California has yet to reach the peak of this year's fire season — but deadly Cal Fire, 2.2 million acres have burned so far, and the season is far from over.across the state have already burned more acres than any year on record. According to
Two of the three largest fires in California's history are currently burning in the San Francisco Bay Area. The SCU Lightning Complex has burned more than 396,000 acres and is 95% contained as of Tuesday, and the LNU Lightning Complex has burned more than 375,000 acres and is 91% contained as of Tuesday.
The Creek Fire, which erupted Friday, has already become the third-largest that is currently active, burning more than 152,000 acres. It is 0% contained as of Wednesday morning.
The fires have killed at least eight people and destroyed upwards of 3,300 structures, Cal Fire said. Most of the state remains under Red Flag Warning as strong winds and low humidity continue, exacerbating.
The previous record for acres burned was set just two years ago. It included the deadliest wildfire in the state's history — the Camp Fire, which swept through the community of Paradise and killed 85 people.
Cal Fire said that the Golden State has seen over 2,650 more fires and a nearly 2,000% increase in the acres burned year-to-date compared with 2019. By this time last year, 4,927 fires burned through 117,586 acres.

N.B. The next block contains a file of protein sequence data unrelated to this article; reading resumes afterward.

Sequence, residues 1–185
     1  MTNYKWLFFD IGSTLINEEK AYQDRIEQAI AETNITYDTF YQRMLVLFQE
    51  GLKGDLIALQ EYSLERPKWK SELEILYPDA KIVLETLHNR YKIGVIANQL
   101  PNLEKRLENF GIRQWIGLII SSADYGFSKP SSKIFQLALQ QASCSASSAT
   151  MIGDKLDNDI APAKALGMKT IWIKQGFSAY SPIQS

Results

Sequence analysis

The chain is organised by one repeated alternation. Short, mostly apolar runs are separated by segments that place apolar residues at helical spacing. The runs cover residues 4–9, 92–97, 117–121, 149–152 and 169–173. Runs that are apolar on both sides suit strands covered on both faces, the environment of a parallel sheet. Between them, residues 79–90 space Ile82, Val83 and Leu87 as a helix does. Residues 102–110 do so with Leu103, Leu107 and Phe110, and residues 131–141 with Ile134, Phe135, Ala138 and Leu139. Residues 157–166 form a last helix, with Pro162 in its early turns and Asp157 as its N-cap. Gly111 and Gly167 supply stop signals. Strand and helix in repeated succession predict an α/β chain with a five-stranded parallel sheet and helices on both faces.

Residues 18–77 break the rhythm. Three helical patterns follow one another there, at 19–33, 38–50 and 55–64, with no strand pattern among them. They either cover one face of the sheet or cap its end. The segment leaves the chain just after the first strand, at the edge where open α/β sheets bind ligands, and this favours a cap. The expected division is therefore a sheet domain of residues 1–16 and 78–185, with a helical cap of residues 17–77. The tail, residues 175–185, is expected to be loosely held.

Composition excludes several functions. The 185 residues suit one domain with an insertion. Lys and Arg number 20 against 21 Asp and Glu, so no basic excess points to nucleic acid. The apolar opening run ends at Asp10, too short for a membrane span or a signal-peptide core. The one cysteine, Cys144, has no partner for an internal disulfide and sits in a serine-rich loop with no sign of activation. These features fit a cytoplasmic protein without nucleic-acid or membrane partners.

Lynne Tolmachoff, a spokeswoman for Cal Fire, said it's "unnerving" to have reached a record for acreage burned when September and October usually are the worst months for fires because vegetation has dried out and high winds are more common.
At the same time, the region faced record-breaking temperatures over Labor Day weekend. Woodland Hills reached 121 degrees Fahrenheit on September 6, marking the highest temperature ever recorded in Los Angeles County, according to the National Weather Service.
Due to the drought across the West Coast, "peak" fire season is predicted to last through the middle of September, according to the National Interagency Fire Center. The end of the month will see a break in activity thanks to cooler temperatures, but winds could stir up more problems again in October.
California Governor Gavin Newsom continues to reiterate the need to tackle climate change in order to prevent future fire seasons like this one. "We do not have time to deny the reality of climate change," he tweeted Tuesday.
is making fires significantly worse, says CBS News meteorologist and climate specialist Jeff Berardelli. Warmer weather means less humidity in the air and the brush, making it easier for fires to spread and making fires more intense.
At the same time, a new study from Columbia University found that human-caused climate change will overtake natural oscillations as the primary driver of heat waves in the West. Increasingly, many regions around the world are likely to become essentially uninhabitable due to heat increases.
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